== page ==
Originally this was a term for a game-park (from Old French garenne) and was used for areas where a right of ‘free warren’ (the liberty to hunt small game) had been granted. By extension this came to mean an area set aside for the keeping and breeding of rabbits for their meat and fur. Rabbits were an early Norman introduction (though there is some debateable evidence for an earlier and possibly short-lived Roman introduction) from the Mediterranean and rabbit warrens are documented from the 12th century onwards. Medieval documents distinguish between cuniculi, adult rabbits (hence the term coneys) and rabetti, the young rabbits.
The warrens were normally defined by earthen banks to keep the rabbits in and to keep predators, human and otherwise, out. In some cases mounds were provided to encourage the rabbits to form burrows and lodges were built for the warreners who guarded and managed the rabbits. Many warrens were still under active management in the 19th century, but became disused in the 20th century.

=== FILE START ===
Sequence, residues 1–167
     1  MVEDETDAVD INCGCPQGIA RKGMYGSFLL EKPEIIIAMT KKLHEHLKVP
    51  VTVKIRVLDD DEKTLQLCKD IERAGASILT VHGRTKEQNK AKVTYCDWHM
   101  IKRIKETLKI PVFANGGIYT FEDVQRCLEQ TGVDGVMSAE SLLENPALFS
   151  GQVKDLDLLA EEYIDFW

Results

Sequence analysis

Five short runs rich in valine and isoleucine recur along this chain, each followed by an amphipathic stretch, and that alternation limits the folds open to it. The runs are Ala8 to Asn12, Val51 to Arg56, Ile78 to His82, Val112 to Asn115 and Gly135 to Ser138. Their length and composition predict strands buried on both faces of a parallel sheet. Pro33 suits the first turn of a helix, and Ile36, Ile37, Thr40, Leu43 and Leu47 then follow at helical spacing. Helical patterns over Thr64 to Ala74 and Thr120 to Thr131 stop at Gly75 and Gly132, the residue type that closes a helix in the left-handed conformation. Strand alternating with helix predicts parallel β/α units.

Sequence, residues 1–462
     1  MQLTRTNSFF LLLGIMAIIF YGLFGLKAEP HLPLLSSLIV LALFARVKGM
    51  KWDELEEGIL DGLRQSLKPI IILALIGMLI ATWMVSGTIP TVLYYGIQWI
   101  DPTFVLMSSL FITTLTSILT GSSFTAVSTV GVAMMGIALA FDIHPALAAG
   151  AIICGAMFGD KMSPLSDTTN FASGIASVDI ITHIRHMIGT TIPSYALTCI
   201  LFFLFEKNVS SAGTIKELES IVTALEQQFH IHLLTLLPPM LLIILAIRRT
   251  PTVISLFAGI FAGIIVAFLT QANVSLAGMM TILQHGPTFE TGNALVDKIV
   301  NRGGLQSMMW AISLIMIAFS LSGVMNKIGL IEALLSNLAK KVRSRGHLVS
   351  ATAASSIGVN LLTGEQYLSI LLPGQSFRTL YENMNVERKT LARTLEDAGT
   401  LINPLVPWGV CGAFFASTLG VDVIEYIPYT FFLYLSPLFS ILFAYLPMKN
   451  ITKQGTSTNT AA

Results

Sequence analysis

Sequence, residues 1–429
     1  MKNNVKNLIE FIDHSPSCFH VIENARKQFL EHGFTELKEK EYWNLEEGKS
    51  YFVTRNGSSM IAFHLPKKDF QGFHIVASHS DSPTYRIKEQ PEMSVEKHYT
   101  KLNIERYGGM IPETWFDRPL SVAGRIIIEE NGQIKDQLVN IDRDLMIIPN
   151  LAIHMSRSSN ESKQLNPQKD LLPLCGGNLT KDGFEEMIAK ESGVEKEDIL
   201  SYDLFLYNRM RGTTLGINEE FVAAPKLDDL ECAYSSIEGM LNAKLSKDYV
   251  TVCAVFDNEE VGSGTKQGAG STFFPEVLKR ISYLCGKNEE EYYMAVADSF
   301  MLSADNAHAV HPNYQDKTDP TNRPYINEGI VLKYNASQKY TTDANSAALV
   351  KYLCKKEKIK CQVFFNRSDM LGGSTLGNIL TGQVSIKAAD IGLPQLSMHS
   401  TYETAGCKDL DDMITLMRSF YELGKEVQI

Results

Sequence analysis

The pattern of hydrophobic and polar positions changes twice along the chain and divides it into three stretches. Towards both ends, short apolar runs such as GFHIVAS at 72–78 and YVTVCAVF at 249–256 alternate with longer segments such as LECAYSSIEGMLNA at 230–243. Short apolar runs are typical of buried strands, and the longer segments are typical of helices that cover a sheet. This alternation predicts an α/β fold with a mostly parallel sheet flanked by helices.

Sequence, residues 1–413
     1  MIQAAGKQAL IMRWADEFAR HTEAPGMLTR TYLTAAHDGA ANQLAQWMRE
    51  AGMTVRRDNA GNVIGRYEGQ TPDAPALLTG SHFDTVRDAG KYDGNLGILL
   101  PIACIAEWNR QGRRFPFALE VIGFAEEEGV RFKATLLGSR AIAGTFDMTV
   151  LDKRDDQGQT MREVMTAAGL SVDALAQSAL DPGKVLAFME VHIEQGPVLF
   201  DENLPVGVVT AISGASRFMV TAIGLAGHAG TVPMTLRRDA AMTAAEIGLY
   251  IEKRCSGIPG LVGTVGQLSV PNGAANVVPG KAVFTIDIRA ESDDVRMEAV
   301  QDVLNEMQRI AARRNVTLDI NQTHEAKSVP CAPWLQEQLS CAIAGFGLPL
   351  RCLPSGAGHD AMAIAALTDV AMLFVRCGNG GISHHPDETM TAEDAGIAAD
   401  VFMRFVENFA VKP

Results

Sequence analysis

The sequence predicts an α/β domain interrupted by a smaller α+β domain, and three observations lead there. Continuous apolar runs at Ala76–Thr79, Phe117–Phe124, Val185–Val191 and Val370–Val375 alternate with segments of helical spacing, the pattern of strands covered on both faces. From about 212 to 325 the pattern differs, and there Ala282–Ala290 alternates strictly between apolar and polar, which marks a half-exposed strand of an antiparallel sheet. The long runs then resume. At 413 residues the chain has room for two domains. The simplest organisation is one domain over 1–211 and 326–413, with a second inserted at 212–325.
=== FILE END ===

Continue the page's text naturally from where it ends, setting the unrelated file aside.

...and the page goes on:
In Suffolk there were large warrens in the sandy soil areas of the Breckland and the Sandlings (qv). One of the largest, Lakenheath Warren in Breckland, covered over 2,300 acres in 1835 and was to have stock of 7,200 rabbits. In Breckland, many of the early large warrens where established by ecclesiastical landlords: the prior and convent of Ely received the right of free-warren over their land at Lakenheath in 1251 and a specific grant of a cunicularum was awarded in 1300; the bishops of Ely had a warren at Brandon by 1252; and Bury abbey had a warren at Mildenhall by 1328.